In the last few days Japan has announced a $45bn package of what is effectively “helicopter money”. In coming months we hope (pray!?) for similar in the UK. Here’s how it might work.

Emergency action in 2008/9 (QE and low interest rates) were vital to stop banking system collapsing. That emergency action is still with us, although “the emergency” is years behind us. This has pushed asset prices higher, and encouraged financial engineering, with the only significant result being the rich getting richer. Ordinary people and households did not get any benefit from QE.

Helicopter money is different because it enables Government to quickly and directly give a financial benefit to those in the real economy.

Hence the name – money can, in theory, be printed and simply be dropped out of helicopters.

The reality is that helicopter money can be much more subtle and targeted than the name suggests. For example, it can involve spending on specific projects, such as bridges, roads or hospitals; it might be a rolling benefit to a class of people, such as student loan deferment or forgiveness; or it can be one-off tax rebates, for everyone or certain types of people.

As well as creating a direct benefit to the real economy, the other essential feature of helicopter money is that it doesn’t increase government debt – this is the magic of helicopter money!

For example, the government can announce £1bn will be spent on new roads, railways and bridges. To pay for this they can issue a bond for £1bn. This is then bought by the Bank of England and written off (or held in perpetuity, the impact is the same).

Hey presto, £1bn of spending on useful projects, at no cost.

The economy is larger by £1bn, new employment is created, tax receipts go up, consumption is higher.

[In theory monetary policy is action by central banks (interest rates and QE) and fiscal policy is controlled by Government (taxes and spending). As you can tell from this example helicopter money requires co-operation of central bank and government.]

But even helicopter money is not a complete solution – spending is still too high, and the debt pile remains too big.

Over the last 40-odd years an edifice of services and entitlements has been created which is simply not sustainable. Partly due to the ageing population, partly due to the working population not being big enough to generate the taxes necessary to pay for all this.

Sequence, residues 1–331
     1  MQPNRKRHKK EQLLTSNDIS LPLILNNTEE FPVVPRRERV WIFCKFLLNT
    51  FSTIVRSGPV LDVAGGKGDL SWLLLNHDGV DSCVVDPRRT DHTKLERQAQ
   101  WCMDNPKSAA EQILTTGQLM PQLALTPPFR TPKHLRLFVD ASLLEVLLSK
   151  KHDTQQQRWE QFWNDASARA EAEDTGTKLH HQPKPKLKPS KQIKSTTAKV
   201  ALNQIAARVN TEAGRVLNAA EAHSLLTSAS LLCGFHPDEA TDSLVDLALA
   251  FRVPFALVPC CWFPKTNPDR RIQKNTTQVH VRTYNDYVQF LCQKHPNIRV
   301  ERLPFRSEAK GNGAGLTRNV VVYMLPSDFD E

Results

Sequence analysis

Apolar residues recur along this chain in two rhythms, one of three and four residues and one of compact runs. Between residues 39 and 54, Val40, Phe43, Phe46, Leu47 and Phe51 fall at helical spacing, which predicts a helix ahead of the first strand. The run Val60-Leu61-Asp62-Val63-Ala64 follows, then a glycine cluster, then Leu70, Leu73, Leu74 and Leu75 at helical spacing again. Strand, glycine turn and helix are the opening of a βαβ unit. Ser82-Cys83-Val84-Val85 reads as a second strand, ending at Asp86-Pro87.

So there also needs to be action to underpin long term growth and higher productivity (investing more into education and technology) and shorter term action to control spending (e.g. no universal State pension, no universally free access to GPs or A&E).

Taxpayers and voters (those with an anti-Establishment stance and otherwise) are much more likely to accept the latter if a helicopter money strategy is developed to cushion the blow.

The trigger for such radical action somewhere in the world was always going to be a shock to the system – it’s just that few of us expected the epicentre to be the UK. Whether Brexit is a sufficient shock for radical action remains to be seen – but it’s a good start!

And if the new UK government can begin to take such steps, with clear intent, it will likely encourage others, including near neighbours on the Continent – the noisy neighbour could be very cathartic.

Although some say helicopter money is revolutionary and untested, it only is to a point. Public works is the one part of the 1930s New Deal in the US that worked and helped pull it out of the Great Depression.

And arguably Margaret Thatcher introduced a form helicopter money when she allowed council houses to be purchased at huge discounts, ditto with the shares of privatised utilities – the result was a permanent increase in the wealth of those able to take advantage of these initiatives. (The argument against these being strictly helicopter money was the State lost assets, that is houses generating rent, and utilities generating profits – we’ll leave those niceties to the economists to debate).

The Bank of England MPC meets again on 3rd November, just before the Autumn Statement from the Chancellor. This would be a great opportunity for co-ordinated action to be announced – radical action and a confidence boost which has legs.

Where there is no hope, it is incumbent on us to invent it” – Albert Camus (1913-1960)

If we are right about the direction of travel, have another look at the opportunities set out in The Next Big Thing – VALUE as set out in the latest edition of the TopFunds Guide.  To request your copy get in touch.

For Part I on “What is helicopter money?” click here.